This research aimed to identify the frequency and type of undesirable behaviors observed by guide dog puppy walkers and management strategies used by them during the puppy-walking period.
All members of 36 puppy-walking families (N = 96), recruited from the National School of Guide Dogs for Blind People in Florence (Italy), completed an 80-item questionnaire. This sampling represented homes caring for 28 Labrador retrievers, 6 Golden retrievers, and 2 German shepherd dogs. Of these dogs, 47.2% (n = 17) were males and 52.8% (n = 19) females, and 66.7% (n = 24) were between 7 and 12 months old.
Three categories of undesirable behaviors were recorded. First, behaviors considered inconsequential to the guide dog role were: digging (11.8%, n = 11); chewing objects (4.4%, n = 4); stealing or begging for food (3.1%, n = 3); licking people (5.9%, n = 5); getting on furniture (4.4% n = 4); defending territory (2.8%, n = 2); and coprophagia (5.9%, n = 5). Second, the following behaviors considered easily resolvable through training were recorded: lack of recall (8.9%, n = 10); pulling on lead (11.8%, n = 11); jumping up (28.1%, n = 30); barking at other dogs (5.9%, n = 5); chewing the leash (1.5%, n = 1); and house soiling (5.9% (n = 5). Third, these potentially disqualifying behaviors were observed: scavenging (17.7%, n = 17); aggressive barking, growling, and biting (10.4%, n = 10); and fear of thunderstorms (6.2%, n = 6); loud noises (32.3%, n = 31); men (2.1%, n = 2); women (3.1%, n = 3); and people with unusual clothes (6.2%, n = 6). None of the puppies was reported to be fearful of children.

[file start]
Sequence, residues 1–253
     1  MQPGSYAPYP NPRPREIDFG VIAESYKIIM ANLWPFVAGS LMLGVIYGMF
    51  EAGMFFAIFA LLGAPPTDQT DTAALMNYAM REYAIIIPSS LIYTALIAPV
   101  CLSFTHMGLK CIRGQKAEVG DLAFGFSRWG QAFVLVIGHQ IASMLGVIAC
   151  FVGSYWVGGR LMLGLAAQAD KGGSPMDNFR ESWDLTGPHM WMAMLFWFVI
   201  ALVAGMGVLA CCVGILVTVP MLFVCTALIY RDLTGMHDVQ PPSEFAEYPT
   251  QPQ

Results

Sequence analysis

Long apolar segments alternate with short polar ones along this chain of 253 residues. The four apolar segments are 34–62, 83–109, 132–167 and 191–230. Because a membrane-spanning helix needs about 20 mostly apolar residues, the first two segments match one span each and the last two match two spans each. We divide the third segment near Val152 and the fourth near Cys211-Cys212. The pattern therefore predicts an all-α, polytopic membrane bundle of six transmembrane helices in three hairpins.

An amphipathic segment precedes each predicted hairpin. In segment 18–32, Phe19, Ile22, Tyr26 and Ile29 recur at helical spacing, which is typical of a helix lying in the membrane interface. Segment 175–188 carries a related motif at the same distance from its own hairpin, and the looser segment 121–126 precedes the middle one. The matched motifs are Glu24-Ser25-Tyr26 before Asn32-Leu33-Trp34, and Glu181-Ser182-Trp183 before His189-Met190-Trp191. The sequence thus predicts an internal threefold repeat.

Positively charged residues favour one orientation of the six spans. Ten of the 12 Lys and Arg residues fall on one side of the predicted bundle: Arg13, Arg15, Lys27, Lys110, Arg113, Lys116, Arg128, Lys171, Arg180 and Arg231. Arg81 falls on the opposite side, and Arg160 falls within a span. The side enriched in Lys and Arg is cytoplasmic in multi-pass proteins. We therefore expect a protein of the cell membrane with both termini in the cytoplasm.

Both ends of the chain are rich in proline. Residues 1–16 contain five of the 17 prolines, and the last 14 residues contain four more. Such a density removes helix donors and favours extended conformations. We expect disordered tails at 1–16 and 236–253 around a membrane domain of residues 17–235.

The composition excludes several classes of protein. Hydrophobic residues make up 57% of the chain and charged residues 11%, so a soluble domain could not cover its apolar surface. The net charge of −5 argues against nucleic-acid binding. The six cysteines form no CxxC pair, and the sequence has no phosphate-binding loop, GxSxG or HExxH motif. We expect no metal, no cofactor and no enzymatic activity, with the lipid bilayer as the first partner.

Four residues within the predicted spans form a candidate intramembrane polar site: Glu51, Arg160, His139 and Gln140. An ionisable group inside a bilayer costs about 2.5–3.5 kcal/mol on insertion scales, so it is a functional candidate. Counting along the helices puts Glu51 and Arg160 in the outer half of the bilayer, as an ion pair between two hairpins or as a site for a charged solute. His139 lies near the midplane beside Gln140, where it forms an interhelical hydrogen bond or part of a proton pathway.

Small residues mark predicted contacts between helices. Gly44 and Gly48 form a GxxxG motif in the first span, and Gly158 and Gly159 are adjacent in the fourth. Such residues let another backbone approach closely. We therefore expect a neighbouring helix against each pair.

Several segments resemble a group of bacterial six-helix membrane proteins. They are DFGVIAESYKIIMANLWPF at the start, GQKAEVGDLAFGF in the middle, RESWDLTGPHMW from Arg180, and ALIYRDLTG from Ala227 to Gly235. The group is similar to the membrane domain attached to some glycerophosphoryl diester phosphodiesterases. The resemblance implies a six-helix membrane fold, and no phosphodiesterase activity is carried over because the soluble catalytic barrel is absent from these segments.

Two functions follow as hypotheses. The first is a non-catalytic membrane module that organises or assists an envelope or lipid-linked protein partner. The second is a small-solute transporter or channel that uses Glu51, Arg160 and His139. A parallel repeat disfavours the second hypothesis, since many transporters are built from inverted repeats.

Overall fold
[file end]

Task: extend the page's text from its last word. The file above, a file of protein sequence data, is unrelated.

Overall, 67.7% (n = 66) of respondents recorded at least 1 undesirable behavior. However, only few of them might lead to disqualification. The results suggest that most of the puppies were well socialized to people and not fearful.
Puppy walkers could contribute to the early assessment of potential behavioral problems, which are a major cause of disqualifying guide dogs.
|Publication Title||Journal of Veterinary Behavior: Clinical Applications and Research|
|Author Address||Department of Veterinary Anatomy, Biochemistry and Physiology, University of Pisa, Viale delle Piagge, 2- 56124 Pisa, Italy.firstname.lastname@example.org|
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